Perhaps the fourth time is the charm for Google. Social has been in the sights of Mountain View for nearly a decade, in fact. With Facebook maintaining a dominant presence in social networks, Google needed to exert its influence in the social realm in the worst way. In June 2011, Google introduced its latest attempt to take control of the social sphere – Google+. It’s finally an endeavor that has proven worthy of the challenge. Some 1 million business and brand pages were created in the first six months and the network boasts more than 400 million users. And Google+ recently passed Twitter to become the second largest social network. Despite its bad press over the past year, Facebook remains the social network to which all others aspire. So, does Google have the determination and resources to overcome such a dominant player? Let’s examine what makes G+ tick.
Is a Plus as Good as a Like?
Google+ combines features that are similar to those of networks like Facebook, Twitter and Foursquare.
It allows you to “plus” content that you like across the web – the newer network’s answer to the Facebook “Like.” Content that you plus appears under the “+1s” tab of your profile and we can often see content that our friends recommend as part of our Google search results. Your profile can include your photos, YouTube videos and posted updates with links and different types of media. And Google is constantly tweaking the social platform to make it more robust and user-friendly.
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But when we consider the feasibility of Google+ one day supplanting Facebook, some would argue that we’re asking the wrong question. That’s because Google+ is deeply integrated with Google’s full swath of products, including Search, Gmail, YouTube, Maps, Chrome and Google Play. And Google collects a massive amount of information about you from across its products, offering you a personalized experience that aims to cater to your individual tastes. In Search, Google+ integration involves highlighted results based on friends’ recommendations and sharing updates from friends and celebrities.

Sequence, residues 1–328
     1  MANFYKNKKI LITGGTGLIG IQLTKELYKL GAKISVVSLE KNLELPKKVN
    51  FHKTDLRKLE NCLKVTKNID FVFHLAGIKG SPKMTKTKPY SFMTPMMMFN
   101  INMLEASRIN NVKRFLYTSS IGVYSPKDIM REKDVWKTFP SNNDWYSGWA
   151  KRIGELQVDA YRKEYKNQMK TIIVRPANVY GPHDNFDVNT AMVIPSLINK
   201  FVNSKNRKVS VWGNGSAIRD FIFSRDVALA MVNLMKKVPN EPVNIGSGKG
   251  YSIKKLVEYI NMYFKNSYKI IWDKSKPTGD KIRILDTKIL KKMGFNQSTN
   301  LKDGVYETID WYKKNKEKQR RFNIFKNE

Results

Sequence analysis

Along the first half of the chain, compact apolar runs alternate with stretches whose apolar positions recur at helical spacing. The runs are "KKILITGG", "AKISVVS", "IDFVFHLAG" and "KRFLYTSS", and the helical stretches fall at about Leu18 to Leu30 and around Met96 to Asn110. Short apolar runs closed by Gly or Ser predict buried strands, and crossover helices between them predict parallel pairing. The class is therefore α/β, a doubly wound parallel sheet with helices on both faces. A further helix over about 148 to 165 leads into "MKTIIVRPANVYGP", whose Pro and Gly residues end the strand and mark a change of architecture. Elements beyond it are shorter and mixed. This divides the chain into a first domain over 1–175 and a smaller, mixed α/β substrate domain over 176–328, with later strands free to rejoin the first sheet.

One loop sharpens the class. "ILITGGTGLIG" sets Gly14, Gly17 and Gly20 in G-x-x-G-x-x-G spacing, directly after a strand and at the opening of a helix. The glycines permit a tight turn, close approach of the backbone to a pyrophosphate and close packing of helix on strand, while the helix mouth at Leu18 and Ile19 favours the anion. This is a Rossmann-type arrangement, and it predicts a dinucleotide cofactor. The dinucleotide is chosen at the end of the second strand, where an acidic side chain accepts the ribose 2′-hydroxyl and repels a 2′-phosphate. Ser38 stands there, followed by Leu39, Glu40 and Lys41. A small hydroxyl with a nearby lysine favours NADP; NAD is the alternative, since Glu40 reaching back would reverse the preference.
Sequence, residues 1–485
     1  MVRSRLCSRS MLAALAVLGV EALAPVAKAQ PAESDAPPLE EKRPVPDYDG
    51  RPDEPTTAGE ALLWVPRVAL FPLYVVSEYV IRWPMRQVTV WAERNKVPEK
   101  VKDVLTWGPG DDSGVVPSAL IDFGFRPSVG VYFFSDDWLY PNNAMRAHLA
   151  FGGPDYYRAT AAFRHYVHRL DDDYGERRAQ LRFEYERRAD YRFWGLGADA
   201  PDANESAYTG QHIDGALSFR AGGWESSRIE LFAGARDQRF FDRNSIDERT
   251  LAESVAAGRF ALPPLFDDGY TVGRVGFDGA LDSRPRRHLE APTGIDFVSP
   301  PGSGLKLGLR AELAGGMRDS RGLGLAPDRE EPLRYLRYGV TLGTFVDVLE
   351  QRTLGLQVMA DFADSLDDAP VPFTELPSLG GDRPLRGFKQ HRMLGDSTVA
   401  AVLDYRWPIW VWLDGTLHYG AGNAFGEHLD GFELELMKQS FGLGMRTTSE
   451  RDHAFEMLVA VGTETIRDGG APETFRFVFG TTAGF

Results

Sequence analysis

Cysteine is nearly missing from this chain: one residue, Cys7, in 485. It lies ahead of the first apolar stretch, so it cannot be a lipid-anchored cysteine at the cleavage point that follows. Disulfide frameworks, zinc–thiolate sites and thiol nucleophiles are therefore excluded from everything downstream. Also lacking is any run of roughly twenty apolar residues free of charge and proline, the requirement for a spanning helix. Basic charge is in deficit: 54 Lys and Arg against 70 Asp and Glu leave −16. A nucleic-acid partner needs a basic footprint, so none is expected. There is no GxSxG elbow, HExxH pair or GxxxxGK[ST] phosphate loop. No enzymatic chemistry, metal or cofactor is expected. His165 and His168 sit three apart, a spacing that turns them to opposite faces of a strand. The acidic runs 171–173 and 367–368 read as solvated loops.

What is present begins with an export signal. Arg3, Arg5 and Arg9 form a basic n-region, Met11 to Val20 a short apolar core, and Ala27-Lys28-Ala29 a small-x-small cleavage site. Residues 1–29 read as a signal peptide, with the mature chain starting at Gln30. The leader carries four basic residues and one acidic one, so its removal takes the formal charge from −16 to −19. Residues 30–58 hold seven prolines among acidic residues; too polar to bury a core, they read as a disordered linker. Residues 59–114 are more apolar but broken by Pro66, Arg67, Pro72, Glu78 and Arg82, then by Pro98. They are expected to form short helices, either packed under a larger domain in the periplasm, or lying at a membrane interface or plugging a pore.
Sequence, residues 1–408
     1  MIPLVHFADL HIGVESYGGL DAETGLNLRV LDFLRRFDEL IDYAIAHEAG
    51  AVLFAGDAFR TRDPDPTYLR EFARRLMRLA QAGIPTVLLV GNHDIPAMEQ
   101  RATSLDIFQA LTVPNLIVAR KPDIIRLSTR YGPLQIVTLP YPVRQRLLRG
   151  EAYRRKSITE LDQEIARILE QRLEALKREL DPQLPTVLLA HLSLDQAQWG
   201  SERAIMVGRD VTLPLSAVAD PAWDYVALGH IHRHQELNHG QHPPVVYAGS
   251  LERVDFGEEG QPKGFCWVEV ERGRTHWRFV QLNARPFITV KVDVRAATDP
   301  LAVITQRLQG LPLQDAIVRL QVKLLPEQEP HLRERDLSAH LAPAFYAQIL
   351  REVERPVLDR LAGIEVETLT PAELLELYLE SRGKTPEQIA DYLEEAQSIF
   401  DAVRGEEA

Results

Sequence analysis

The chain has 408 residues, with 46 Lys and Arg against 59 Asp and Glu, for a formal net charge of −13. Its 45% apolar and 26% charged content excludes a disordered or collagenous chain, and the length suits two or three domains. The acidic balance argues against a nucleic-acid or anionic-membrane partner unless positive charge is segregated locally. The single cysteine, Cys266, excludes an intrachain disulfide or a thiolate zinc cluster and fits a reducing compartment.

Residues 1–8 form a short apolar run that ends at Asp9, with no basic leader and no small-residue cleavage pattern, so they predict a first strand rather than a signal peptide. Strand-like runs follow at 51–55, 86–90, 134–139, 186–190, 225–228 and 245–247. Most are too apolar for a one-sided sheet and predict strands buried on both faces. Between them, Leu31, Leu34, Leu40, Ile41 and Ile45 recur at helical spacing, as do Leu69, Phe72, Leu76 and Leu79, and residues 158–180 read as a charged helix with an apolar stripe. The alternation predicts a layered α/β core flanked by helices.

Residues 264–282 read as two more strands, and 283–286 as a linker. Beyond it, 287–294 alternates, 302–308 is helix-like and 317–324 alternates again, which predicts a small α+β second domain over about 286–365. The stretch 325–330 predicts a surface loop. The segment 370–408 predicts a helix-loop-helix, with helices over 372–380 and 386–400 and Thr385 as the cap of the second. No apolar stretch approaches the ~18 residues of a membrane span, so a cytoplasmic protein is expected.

Last month, the Wall Street Journal argued that Google+ can’t be ignored since Google is using its ample leverage to forcibly grow the network as part of its bid for a massive amount of social advertising dollars. When you create a Google account to use Gmail, YouTube or other services, you’re also being set up with a G+ account.
Social networks are fueled by our desire to engage with others who share our interests – even those in faraway countries whom we may never meet in person. Successful networks build a strong sense of community among their members and Google+ has certainly made every effort to encourage people to build G+ communities with Hangouts, a feature that allows you to video chat with up to 9 friends, conduct video conferences for up to 10 people and tune in to live video broadcasts.
With G+, you can create public or private communities through a relatively simple process. Developing that sense of online community will be an important part of Google’s strategy going forward as it continues to develop and refine its social offerings.
Google appears to be headed in the right direction in terms of revenues; the company celebrated its first $50 billion year in 2012. With Google+ integration at the heart of the company’s growth strategy, it will be fascinating to watch Google and Facebook continue to go head to head in the social space (and the search space, for that matter). Which company do you think is better positioned to lead the social market in the long term? We’d love to hear your thoughts.
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